With Many Rural Nonprofits Decimated Post-Hurricane, Red Cross Connecting People With Resources
The Capital Area Red Cross is shifting from what Director Sharon Tyler calls “response mode” to “recovery mode.” That means, in some cases, contacting those who didn’t reach out for help in the aftermath of Hurricane Michael.
Tyler says when her agency shifts to the “recovery” phase, one primary function is connecting those affected by a disaster with resources from local nonprofits. But, in the case of Hurricane Michael, many nonprofits took devastating damage.
“Our rural counties have got some strong partners that we work with – however the ones in Bay and Gulf, Jackson and Calhoun, those were really affected. And many of their offices were destroyed,” Tyler said. “Our office in Panama City was destroyed.”
That’s why, according to Tyler, many in rural North Florida are being referred to out-of-county nonprofits, like some in the Capital City. But, not everyone reaches out for help.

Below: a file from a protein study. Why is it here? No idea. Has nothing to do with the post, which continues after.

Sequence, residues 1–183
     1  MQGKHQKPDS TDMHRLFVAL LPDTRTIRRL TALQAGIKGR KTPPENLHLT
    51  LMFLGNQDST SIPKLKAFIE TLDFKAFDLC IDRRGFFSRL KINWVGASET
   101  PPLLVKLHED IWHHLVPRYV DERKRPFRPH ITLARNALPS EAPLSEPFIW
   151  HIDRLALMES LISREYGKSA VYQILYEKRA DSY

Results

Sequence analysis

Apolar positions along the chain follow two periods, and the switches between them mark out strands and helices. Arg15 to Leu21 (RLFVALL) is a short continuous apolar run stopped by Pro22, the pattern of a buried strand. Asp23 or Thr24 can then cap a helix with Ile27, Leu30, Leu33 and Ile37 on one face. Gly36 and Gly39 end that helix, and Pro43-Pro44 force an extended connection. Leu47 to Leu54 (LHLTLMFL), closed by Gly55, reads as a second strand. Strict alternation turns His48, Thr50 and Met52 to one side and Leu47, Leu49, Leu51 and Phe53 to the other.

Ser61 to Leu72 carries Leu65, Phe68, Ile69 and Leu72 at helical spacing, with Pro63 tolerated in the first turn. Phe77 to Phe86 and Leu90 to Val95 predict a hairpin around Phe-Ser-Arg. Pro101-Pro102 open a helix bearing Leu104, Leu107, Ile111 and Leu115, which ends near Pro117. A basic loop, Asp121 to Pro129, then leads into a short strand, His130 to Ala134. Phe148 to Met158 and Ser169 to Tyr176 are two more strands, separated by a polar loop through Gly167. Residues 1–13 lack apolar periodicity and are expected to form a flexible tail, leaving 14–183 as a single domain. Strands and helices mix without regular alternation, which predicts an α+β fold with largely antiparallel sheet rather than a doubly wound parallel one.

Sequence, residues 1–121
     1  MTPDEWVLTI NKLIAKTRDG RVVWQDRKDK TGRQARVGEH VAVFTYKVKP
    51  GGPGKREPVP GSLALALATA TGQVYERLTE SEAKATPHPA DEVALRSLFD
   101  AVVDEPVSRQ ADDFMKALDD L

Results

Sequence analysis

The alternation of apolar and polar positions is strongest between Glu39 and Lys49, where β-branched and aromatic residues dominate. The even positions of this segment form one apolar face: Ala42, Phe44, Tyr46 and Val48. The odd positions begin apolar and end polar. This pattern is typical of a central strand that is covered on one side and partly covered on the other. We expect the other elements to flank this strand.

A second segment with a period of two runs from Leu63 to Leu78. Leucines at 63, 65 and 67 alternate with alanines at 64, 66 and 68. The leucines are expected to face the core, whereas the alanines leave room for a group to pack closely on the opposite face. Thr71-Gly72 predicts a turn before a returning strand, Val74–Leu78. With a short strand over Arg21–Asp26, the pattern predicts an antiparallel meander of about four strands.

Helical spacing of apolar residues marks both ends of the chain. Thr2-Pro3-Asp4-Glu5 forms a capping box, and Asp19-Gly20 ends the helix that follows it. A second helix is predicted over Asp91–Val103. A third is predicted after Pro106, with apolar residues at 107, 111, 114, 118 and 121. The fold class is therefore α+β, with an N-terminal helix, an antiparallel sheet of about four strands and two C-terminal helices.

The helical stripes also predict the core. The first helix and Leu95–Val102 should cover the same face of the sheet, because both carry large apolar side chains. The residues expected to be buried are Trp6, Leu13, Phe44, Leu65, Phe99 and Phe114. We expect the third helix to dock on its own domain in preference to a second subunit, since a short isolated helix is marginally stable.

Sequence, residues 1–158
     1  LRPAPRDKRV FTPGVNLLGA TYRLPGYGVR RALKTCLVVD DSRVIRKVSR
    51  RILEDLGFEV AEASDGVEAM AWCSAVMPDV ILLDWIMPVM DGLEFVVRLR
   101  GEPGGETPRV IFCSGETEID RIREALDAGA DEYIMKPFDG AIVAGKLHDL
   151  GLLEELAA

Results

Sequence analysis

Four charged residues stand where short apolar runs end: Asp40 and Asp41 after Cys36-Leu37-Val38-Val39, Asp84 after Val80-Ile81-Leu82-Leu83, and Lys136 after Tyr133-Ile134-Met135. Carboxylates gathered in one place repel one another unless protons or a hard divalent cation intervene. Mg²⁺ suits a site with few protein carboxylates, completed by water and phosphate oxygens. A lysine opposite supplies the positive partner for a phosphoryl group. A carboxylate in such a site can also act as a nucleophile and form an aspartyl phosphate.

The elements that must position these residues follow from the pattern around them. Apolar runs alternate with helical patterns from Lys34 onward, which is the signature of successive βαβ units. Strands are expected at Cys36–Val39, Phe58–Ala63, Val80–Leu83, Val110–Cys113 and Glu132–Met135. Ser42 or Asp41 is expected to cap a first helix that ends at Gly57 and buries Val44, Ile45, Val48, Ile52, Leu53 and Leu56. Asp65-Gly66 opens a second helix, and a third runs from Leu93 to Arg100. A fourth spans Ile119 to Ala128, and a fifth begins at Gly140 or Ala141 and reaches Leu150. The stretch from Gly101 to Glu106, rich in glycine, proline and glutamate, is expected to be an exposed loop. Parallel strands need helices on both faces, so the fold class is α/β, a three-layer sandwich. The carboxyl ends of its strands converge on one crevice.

“We had what we called a Latin engagement team that came in. And they specifically, in all the counties that were affected, went into as many areas looking for underserved populations,” Tyler said. “In some of our counties we’ve got a larger migrant population, some other parts of our counties we’ve got a larger Hispanic population, over in Panama City there’s an underserved Asian population. We’re trying to reach the folks that won’t necessarily reach out for help.”
The Red Cross receives information on who is in need from FEMA. December 10 is the deadline for individuals and households to apply for disaster assistance.